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10 ways to improve your email copywriting (with examples)


Kristina Lauren

So far, we’ve touched on email design, coding, automation, and metrics in our blog—but have you wondered about how to actually write emails that sell? The idea of having to do any form of writing, especially copywriting, strikes fear into the hearts of many, but it doesn’t have to be hard. If you follow the email copywriting tips below, you’ll be writing engaging emails to your audience like a pro in no time!

Know what the goal is

Before you even start typing, you need to understand the purpose of the email you want to create. Do you want to get subscribers to sign up for an event? Do you want to encourage them to buy your newest product? Do you want your customers to give feedback on their latest purchase? Figure out this goal first and then work backwards. When you do this, you’ll find the writing process flows much better, as you’re not just filling your email with buzzwords in hopes that something sticks but you’re instead guiding your reader in a cohesive, direct manner.

Have a killer subject line

Subject lines are the most important aspect of email copywriting, since they create the opportunity for your audience to interact with your emails in the first place. With an estimated 306 billion emails sent and received every single day, there are a lot of emails competing for your subscribers’ attention, so you need a good hook to break through all the noise. For starters, keep your subject line short—10 words at the most, but 6-7 words is ideal with the most important word being at the beginning of the subject line. 

Be sure to use eye-catching wording as well, such as “you”, “your”, “Let’s”, “sale”, or “now”. Emojis can also aid your subject line, so long as they’re appropriate. A brand with a lighthearted tone and a young audience could find success with emojis, but a brand that wants to come across as a little more mature or serious could send the wrong message.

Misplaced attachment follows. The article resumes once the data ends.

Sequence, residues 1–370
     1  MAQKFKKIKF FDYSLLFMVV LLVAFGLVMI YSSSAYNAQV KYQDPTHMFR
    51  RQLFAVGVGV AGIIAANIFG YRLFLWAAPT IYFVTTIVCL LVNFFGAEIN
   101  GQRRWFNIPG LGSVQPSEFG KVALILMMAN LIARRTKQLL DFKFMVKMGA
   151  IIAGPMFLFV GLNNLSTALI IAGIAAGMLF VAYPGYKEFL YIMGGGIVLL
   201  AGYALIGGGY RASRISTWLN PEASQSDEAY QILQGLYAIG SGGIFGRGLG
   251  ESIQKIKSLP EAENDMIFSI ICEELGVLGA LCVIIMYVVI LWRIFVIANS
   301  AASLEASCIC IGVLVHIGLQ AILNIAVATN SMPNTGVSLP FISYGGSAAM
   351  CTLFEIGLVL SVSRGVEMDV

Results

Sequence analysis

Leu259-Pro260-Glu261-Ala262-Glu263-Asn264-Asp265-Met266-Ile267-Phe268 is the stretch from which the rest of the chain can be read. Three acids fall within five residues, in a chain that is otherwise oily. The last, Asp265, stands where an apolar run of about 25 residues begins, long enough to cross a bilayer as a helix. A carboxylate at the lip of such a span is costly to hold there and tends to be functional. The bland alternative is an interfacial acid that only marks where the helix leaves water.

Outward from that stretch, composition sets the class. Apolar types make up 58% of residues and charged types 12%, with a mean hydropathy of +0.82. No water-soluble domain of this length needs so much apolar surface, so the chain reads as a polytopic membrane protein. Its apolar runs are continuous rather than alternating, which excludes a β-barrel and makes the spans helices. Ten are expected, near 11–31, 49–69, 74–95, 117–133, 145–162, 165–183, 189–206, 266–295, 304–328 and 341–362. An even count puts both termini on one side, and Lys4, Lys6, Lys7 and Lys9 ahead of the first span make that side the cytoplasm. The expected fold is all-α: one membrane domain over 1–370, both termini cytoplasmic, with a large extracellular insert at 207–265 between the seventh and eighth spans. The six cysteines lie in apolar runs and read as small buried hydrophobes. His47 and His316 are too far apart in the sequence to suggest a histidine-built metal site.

You should also be cautious of sounding too click-baity—making promises in your subject line that won’t be delivered upon just for the sake of increasing open rates may work at first, but your subscribers are smart. Once they catch on, this approach can backfire. You can still exaggerate to an extent, but you do what to stay honest in order to keep your audience’s trust. 

Last, but definitely not least is implementing personalization to include your subscribers’ names in your subject lines. Emails with personalized subject lines are 26% more likely to be opened compared to those that forgo personalization–and it makes sense. What better way to catch someone’s attention than calling them by their first name? With the loads of non-personalized emails people get everyday, including a subscriber’s name is a good way to stand out and can signal that the email is especially relevant.